The bull market received a bit of a scare last week as the S&P 500 fell almost 3%, the biggest single week loss since 2012. The market seems to have recovered this week, but a repeat of the 26% gain in 2013 doesn’t appear to be in the cards.
Last May I wrote that I’m long-term bullish and I don’t believe the stock market is in a bubble. I continue to stand by that thesis. The market has withstood the beginning of the Fed taper without suffering the massive decline that many predicted.
The article I linked to above contains the details of my outlook on the economy as a whole, so I won’t go into too much detail here. Basically, I believe the U.S. economy is undergoing a restructuring where we are becoming radically more productive. Businesses are allocating capital more efficiently; the labor force is retooling its skills for the new economy; and technological innovation continues to push the limits of human productivity. The implications of this advancement can be seen in Figure 1.
Figure 1: A New Paradigm for Capital Allocation and Economic Growth.
The average return on invested capital (ROIC) of 20% for the S&P 500 (SPY) and the increasing economic earnings of S&P 500 companies supports this thesis. The slow growth in GDP over the past few years is a sign that companies are becoming more deliberate and careful in their capital allocation.
Valuations Raise Short-Term Concerns
Despite my bullish outlook on the economy as a whole, it’s impossible to ignore the fact that valuations are getting a little stretched. In the past few months, the price to economic book value (zero-growth value) ratio of SPY reached 2.6, which is what we consider to be a Dangerous level. Overall we still rate SPY as Neutral.
The high valuation of the S&P 500 shouldn’t send investors running for the hills, but I do expect that the market will be more turbulent this year as we see corrections in individual stocks and groups of stocks that have gotten especially overvalued.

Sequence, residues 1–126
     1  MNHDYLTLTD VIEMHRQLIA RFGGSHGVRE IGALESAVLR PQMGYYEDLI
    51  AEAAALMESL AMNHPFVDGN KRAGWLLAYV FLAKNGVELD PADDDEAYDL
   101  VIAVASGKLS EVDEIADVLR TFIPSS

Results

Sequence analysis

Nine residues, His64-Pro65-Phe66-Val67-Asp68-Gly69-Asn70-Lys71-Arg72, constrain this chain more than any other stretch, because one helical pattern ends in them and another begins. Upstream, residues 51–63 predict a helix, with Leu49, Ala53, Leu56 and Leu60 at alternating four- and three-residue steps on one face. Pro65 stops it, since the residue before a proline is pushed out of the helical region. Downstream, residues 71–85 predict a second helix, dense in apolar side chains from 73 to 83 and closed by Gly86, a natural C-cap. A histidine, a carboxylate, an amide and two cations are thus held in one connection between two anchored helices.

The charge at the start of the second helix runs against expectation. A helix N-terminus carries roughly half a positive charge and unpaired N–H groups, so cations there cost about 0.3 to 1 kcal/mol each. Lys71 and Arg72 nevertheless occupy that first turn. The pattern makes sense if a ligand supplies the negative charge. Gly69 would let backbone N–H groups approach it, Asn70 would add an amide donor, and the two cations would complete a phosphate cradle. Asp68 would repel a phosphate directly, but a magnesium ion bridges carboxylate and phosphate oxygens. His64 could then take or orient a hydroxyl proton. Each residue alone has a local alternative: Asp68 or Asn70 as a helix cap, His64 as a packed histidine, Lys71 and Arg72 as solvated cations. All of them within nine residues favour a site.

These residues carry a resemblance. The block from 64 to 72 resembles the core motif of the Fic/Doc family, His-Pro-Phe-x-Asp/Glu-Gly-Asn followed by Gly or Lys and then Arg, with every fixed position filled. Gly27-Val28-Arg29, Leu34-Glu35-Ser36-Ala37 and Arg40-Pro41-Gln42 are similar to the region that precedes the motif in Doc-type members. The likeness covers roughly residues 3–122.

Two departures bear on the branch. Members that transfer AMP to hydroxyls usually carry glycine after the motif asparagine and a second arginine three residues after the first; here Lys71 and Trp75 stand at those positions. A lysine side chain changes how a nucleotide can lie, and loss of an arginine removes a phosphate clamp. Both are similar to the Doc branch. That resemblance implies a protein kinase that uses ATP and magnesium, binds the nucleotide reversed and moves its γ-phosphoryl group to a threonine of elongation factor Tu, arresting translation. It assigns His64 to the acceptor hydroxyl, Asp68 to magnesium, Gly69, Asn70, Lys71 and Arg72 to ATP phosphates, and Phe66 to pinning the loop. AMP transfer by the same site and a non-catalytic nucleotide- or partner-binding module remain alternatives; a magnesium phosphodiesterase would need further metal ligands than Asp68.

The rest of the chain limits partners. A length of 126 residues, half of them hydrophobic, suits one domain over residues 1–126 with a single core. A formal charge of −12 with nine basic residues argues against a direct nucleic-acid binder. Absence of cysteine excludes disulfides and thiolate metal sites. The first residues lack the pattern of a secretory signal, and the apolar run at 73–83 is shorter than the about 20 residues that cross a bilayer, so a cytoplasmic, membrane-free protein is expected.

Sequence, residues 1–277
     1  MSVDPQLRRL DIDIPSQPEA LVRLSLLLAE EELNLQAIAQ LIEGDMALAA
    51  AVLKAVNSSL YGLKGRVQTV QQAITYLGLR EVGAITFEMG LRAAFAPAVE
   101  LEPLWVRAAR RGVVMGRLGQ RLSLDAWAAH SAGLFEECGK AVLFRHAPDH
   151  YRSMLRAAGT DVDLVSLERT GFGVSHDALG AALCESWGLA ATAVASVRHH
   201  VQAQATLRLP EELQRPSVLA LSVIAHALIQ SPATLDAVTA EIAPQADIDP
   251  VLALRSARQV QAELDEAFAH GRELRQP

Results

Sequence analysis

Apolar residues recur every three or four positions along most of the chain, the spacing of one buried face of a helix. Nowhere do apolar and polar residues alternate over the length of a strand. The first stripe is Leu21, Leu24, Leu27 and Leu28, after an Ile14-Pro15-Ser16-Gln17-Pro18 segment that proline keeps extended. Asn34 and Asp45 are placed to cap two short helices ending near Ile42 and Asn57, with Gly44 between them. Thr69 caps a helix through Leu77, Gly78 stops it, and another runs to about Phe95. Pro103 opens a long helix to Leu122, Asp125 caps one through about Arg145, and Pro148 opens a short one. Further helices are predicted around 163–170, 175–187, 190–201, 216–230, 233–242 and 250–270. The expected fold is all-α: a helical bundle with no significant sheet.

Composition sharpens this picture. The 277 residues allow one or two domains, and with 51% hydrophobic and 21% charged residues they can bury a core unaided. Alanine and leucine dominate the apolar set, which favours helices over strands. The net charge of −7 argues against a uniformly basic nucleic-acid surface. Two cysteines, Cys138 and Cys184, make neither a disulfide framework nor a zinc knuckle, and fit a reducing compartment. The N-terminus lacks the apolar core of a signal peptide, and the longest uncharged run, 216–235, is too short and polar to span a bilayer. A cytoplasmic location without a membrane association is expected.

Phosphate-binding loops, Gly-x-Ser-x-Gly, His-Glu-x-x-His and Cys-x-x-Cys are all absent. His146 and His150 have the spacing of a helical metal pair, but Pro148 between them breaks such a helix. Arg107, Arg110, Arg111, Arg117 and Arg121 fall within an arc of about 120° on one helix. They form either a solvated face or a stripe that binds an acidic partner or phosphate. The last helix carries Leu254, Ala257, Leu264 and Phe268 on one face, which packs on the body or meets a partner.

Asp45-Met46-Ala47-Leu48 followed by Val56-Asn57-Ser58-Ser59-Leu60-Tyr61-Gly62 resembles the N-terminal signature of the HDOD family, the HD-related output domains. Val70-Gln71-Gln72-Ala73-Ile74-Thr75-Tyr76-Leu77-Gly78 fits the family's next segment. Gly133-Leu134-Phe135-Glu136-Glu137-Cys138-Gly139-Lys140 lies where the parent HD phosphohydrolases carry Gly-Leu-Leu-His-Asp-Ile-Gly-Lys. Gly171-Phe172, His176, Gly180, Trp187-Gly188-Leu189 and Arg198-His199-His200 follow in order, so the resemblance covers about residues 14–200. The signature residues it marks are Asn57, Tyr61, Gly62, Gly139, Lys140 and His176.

Even though the market is richly valued, there are still plenty of good stock picks out there. Currently, 282 out of the 2,645 stocks we have under coverage (11%) earn an Attractive-or-better rating. 1,697 (64%) earn a Dangerous-or-worse rating. Figure 2 shows the rating landscape for stocks under our coverage.
Figure 2: Ratings for Stocks We Cover
As you can see from Figure 2, our ratings currently favor large cap stocks over small caps. Even though Very Dangerous stocks outnumber Very Attractive stocks by almost three to one, Very Attractive stocks have the greater combined market value. Attractive-or-better rated stocks make up only 11% of the stocks we cover but they account for 18% of the market value.
Over the past five years, small caps have handily outperformed large caps. The Russell 2000 (IWM) rose by 153% since 2009 compared to 115% for the S&P 500. However, we believe the disparity in their performances signifies that small caps are now overvalued. The Russell 2000 currently has a price to economic book value ratio of 5.1, nearly double that of the S&P 500. There are still quality small-caps out there, but on average small caps are overvalued compared to large and mid cap stocks.